An anti-psychiatry movement has argued for years that children are over-medicated, that psychiatric drugs are dangerous, that diet and exercise can cure mental health problems, and even that mental illness isn’t real. Parents who live with children who have mental health issues know otherwise. Suicide threats, self-harm, and disruptive behavior can throw the lives of children and their family into ceaseless chaos.
So for many families, psychiatric medications offer stunning relief from a life that has begun to feel unmanageable. Yet the decision may still be a conflicted one. Parents may worry that opponents of psychiatry are right, or that the side effects of medication will be extensive. The truth is that as long as you are working with a skilled psychiatrist, psychiatric medications are safe and effective. Here are five things you need to know:
There Is Not an Over-medication Crisis
Opponents of psychiatric medication point to increases in the diagnosis of conditions like ADHD over the past 20 years. Most children with psychiatric conditions actually receive no treatment at all.
So what about scary numbers suggesting that toddlers are taking stimulants and that psychiatric drugs are used to “treat” normal childhood behaviors? In some cases, children with serious emotional problems receive treatment from pediatricians or family physicians, not from licensed psychiatrists. Though many family doctors offer quality treatment, they don’t have the training to diagnose complex mental health issues. They may also be unaware of other strategies—such as lifestyle management and psychotherapy—that are equally important to the successful treatment of childhood behavioral and mental health issues.
The problem, then, is that skepticism about psychiatry has caused some parents to avoid psychiatrists—even though psychiatrists are the people best equipped to treat their children's issues. A licensed psychiatrist will work with you to determine the lowest effective dose, the right combination of treatment strategies, and the best way to get your family back on track.
Lifestyle Remedies Work—But Often Aren’t Enough
Lifestyle remedies can help with a range of mental health conditions. For example, reducing caffeine and sugar can help with ADHD. Some research points to the power of exercise to alleviate symptoms of depression and anxiety. That doesn’t mean that lifestyle remedies are interchangeable with medication.
Instead, the best treatment protocol is one that incorporates both lifestyle changes and medication. Anything less is giving your child substandard treatment. Mental illnesses are real illnesses, so treating them with diet alone is akin to trying to treat an ear infection with dietary changes. It just won’t work. And it might make things a lot worse.
Untreated Psychiatric Conditions Are Far More Dangerous Than Medication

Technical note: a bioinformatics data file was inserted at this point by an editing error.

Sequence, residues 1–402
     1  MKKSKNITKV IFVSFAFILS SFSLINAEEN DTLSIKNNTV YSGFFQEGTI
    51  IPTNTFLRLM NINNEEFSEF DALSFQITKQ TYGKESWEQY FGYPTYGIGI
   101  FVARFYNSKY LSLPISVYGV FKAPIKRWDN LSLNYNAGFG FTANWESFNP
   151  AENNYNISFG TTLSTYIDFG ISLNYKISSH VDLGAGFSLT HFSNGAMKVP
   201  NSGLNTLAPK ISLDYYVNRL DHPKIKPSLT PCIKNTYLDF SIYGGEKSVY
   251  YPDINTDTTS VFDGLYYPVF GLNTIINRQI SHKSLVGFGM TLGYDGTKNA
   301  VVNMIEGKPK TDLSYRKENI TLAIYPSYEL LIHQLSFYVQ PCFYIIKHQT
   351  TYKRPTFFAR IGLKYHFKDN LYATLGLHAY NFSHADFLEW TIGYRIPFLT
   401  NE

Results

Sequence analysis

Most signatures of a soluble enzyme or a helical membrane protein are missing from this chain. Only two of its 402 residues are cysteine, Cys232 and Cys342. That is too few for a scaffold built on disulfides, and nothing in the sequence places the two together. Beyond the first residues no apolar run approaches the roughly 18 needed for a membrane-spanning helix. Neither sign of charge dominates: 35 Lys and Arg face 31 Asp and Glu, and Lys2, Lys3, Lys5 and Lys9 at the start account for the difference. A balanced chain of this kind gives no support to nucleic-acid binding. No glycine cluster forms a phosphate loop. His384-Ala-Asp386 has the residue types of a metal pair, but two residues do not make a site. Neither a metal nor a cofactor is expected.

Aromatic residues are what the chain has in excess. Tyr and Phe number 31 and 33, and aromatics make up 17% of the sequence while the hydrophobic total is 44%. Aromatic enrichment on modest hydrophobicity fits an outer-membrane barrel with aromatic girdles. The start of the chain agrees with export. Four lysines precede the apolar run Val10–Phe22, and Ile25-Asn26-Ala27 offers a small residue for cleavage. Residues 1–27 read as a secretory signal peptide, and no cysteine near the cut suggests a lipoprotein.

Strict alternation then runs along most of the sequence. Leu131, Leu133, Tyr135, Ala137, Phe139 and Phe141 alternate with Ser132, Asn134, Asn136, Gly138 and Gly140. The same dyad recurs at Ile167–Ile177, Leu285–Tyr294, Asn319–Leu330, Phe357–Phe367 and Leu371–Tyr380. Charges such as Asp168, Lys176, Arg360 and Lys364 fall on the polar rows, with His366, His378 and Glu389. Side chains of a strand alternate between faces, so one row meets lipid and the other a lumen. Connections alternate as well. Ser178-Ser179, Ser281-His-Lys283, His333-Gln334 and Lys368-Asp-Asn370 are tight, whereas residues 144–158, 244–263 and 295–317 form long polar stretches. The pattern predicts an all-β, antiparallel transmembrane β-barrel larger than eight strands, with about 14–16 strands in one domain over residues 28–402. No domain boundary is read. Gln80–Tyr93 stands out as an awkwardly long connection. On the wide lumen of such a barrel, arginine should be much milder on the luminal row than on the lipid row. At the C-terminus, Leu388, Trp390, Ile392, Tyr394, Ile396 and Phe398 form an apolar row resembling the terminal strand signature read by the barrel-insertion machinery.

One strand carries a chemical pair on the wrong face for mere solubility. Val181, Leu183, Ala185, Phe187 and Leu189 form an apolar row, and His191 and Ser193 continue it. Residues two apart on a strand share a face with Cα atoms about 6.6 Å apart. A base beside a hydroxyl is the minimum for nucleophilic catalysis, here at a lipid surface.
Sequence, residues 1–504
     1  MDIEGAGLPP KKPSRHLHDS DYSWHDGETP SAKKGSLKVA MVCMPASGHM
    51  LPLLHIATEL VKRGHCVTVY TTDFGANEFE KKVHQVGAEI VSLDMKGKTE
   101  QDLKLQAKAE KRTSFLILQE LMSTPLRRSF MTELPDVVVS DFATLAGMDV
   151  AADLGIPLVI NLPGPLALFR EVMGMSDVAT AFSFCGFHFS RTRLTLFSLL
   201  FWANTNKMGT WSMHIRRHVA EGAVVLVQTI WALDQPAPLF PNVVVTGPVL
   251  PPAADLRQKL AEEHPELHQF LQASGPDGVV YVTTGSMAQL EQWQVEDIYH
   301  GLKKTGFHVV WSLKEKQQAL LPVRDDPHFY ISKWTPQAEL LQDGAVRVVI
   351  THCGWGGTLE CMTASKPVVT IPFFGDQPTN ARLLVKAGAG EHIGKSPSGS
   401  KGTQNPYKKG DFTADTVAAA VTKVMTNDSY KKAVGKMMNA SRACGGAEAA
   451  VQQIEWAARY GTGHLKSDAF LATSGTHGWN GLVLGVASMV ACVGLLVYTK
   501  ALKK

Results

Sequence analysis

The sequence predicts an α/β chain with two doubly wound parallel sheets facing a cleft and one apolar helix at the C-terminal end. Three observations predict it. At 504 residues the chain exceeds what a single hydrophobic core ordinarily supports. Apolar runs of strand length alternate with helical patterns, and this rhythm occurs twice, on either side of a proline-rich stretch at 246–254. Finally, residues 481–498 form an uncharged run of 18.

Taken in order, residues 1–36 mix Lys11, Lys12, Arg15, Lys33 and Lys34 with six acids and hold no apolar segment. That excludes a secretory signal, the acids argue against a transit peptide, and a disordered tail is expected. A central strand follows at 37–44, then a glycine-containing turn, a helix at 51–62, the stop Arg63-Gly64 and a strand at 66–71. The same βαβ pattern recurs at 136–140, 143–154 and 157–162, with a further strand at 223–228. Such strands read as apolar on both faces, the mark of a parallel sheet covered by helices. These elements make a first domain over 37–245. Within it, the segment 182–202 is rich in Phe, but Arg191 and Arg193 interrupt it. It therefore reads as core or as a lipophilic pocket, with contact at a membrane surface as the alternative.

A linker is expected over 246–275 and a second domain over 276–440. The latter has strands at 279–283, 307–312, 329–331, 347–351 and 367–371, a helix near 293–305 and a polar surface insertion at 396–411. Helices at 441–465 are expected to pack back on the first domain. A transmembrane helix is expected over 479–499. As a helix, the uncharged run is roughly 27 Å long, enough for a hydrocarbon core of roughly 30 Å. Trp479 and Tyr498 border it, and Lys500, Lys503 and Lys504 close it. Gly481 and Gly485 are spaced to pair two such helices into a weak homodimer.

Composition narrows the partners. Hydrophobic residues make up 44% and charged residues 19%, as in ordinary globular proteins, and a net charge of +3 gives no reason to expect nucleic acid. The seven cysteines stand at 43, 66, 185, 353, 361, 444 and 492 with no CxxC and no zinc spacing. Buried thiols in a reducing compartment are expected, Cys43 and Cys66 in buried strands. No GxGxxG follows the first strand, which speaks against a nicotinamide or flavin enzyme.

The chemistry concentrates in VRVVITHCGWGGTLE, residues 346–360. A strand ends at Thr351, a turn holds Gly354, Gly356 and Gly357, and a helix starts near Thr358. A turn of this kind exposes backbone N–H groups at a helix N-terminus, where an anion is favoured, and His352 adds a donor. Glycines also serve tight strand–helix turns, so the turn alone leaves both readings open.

Every medication has side effects, and rarely, those side effects are serious. Working with a skilled psychiatrist can help reduce the potential side effects of medication because your psychiatrist will assess your child’s overall health, explore risk factors, and carefully monitor the dosage. Even when there are some minimal risks or side effects associated with taking medication, the right psychiatric drug is still a good bet.
Psychiatric conditions ruin lives. They interfere with the ability to perform at school, to make friends, to form relationships, and to get a job. Mental illness is a factor in 90 percent of suicides, which means that untreated mental illness can be fatal.
Psychiatric conditions also increase the risk of physical health conditions. They can make it difficult to make good health decisions, and may directly affect physical health. One recent study found that people with untreated severe mental illnesses die, on average, 25 years younger than those in the general population. If you want your child to have a long and full life, treating her mental illness is one of the best choices you can make.
A Good Doctor Will Monitor for Side Effects
Psychiatrists are skilled at assessing which children are most vulnerable to side effects. A skilled physician will monitor your child for side effects, start with a low dosage, and offer suggestions for reducing side effects when they appear. So while parents are understandably concerned about side effects, those who choose a skilled doctor have much less to worry about. Be open and honest with your child’s doctor to get the best possible recommendations.
Medication Might Not Be Permanent
Mental illness still carries a stigma. That means that some parents have a difficult time accepting that their child might need to take medication—particularly if they’ll need to take medication forever. But there’s good news: Your child might not need to take medication forever.
For many kids, medication is a stop-gap measure. It helps them feel and behave better while a team works to address underlying problems and find effective lifestyle remedies. So while you should be open to the idea of your child taking medication if they need to, medication might not have to be the permanent solution you worry it will become.
Facts about mental illness and suicide. (n.d.). Retrieved from http://depts.washington.edu/mhreport/facts_suicide.php
Insel, T. (2014, June 06). Post by former NIMH director Thomas Insel: Are children overmedicated? Retrieved from https://www.nimh.nih.gov/about/directors/thomas-insel/blog/2014/are-children-overmedicated.shtml
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